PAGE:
Moodle


Moodle is an acronym of Modular Object-Oriented Dynamic Learning Environment (Moodle Trust (dev doct)) and is a "Course Management System (CMS), also known as a Learning Management System (LMS) or a Virtual Learning Environment (VLE). It is a Free web application that educators can use to create effective online learning sites." (Moodle Trust, moodle.org)

STRENGTHS

Simply, Moodle is an application that is custom designed for educational purposes, which differentiates it from blogs and wikis. It has specific educational focus and provides for key educational functions that wikis and blogs do not offer such as:
    • Submit assignments (with ability to grade online and keep a markbook within Moodle)
    • Submit assignments via Turnitin (see www.turnitin.com), a (paid) plagiarism checking package that assesses tasks against previously submitted assignments and web content.
    • Ability to 'hide' future posts from students with one click; ability for students to manage this hiding themselves (so only show the current unit, not have to scroll through the whole year, but can turn on the other units themselves for revision)
    • Set up into blocks that can be by week or by unit. These can be easily moved should it be desired, or the teacher changes the chronology of the course from one year to the next.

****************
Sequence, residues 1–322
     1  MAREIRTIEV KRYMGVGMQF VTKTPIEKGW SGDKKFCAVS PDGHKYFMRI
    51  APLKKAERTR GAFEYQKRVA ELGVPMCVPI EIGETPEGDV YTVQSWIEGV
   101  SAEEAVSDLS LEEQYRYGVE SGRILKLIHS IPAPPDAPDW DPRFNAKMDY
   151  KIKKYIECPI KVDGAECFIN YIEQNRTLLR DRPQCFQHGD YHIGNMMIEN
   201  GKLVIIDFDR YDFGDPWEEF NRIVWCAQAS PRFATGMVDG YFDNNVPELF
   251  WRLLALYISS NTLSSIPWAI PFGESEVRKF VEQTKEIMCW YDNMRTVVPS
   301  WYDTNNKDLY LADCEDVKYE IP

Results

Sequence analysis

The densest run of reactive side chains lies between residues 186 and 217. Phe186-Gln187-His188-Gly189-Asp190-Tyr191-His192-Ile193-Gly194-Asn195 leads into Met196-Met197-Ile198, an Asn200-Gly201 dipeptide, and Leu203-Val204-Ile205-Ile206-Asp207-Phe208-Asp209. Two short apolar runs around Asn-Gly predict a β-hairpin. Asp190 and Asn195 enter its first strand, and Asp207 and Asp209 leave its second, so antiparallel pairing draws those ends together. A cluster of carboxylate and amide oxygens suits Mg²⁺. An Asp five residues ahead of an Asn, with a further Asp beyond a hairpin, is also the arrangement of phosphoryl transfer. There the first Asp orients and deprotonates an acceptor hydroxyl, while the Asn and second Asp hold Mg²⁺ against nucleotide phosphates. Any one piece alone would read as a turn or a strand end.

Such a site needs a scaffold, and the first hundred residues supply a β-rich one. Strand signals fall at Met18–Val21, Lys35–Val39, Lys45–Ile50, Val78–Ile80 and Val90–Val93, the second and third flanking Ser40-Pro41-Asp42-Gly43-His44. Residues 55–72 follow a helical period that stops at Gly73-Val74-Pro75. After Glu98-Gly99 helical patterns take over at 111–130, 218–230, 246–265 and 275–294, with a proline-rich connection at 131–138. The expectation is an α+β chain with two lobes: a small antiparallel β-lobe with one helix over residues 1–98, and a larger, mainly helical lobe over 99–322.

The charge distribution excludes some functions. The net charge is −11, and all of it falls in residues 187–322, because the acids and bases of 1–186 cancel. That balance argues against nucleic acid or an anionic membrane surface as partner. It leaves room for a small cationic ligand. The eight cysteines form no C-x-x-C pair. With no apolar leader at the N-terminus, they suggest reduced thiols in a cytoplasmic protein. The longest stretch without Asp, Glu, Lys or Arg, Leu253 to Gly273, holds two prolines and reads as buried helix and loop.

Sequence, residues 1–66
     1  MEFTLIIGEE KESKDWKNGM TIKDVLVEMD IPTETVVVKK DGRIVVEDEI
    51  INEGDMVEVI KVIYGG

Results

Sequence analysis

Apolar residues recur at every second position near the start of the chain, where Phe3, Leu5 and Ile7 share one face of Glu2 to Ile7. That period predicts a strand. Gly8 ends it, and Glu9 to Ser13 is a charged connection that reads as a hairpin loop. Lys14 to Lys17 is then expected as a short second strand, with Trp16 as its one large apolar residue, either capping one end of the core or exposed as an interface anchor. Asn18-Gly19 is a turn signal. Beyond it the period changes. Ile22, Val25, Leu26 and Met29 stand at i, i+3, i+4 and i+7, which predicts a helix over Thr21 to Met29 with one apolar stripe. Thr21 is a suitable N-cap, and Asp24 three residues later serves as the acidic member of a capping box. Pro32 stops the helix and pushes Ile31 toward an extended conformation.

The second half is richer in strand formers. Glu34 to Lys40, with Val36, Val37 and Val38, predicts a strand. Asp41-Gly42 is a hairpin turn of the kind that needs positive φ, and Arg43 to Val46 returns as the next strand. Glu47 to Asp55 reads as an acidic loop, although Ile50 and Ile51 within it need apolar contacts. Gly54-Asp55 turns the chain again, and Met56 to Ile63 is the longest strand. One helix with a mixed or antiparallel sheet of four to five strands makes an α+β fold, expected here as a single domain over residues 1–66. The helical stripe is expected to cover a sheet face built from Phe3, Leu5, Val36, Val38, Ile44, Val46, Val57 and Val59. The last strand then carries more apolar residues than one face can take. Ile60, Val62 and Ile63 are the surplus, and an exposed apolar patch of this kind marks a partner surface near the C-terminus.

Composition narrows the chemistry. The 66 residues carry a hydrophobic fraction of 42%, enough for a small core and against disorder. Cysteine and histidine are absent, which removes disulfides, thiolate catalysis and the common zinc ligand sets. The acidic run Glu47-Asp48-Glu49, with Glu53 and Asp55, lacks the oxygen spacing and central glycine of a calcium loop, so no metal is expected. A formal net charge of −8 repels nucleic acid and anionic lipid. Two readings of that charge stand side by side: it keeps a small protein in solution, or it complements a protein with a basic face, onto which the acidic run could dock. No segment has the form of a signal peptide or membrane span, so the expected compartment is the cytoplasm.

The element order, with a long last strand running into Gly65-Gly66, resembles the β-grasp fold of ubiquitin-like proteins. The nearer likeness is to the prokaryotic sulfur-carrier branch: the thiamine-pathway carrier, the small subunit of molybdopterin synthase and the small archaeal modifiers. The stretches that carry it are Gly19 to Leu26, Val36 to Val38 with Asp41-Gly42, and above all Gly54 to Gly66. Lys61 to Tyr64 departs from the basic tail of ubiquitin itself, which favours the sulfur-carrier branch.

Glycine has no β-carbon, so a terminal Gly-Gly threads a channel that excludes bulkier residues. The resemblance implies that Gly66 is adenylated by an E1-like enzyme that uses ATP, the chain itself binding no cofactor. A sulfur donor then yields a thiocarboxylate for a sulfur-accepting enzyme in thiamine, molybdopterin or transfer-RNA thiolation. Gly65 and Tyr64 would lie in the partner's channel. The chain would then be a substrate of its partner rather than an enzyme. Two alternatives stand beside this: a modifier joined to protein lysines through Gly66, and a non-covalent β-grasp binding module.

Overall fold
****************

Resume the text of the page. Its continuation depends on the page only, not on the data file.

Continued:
• Forum:
      • This can be used like a blog - create a new forum post asking for student comment or submission. Two key advantages:
        • Students receive an email informing them of a new post, with a copy of its text
        • Students can initiate forum threads (see example)
      • Students can use the forum to share resources with each other.
        • In my DP History class, I had them background the conflict in the Middle East with a presentation about one aspect of Middle Eastern history between 1914 and 1948. The PowerPoint slides were uploaded to the forum first, and then the audience members each downloaded and annotated the files as the presenters outlined their information (with additional teacher input).
        • In another class, groups of students were tasked with coming up with a set of revision notes for a section of the syllabus and then uploading these to the forum. (These notes were then transferred to a Wix mobile site for the students to use on their smartphones while on public transport etc. This was a hit! Note: the mobile site doesn’t open when using Internet Explorer, it automatically opens the ‘main’ (non-mobile) site – use Google Chrome or a smartphone. (http://m.wix.com/brendan_toohey/12hism-revision)
  • Students can ‘enrol’ in the class, so that they are then notified through their school email, of postings, especially to the forum, or reminders through the calendar.
  • Students use their school logins, so they are much less likely to forget their logins (and there is tech support just down the corridor).
  • I generally set up Moodle according to the syllabus, especially for senior students who have examinations based on specific syllabus units and concepts. Moodle allows for clear separation between units.
  • Related to the separation between units, Moodle allows the teacher/administrator to ‘hide’ units, or even individual resources, which will be used in future. Thus, a course can be set up in a non-dated way and be used year by year with little transition needed for it to be ‘unveiled’ as appropriate. Unlike a wiki or blog which generally have all posts or pages revealed (although there is scope on a wiki to unpublish page/s if the author desires, but not parts of pages).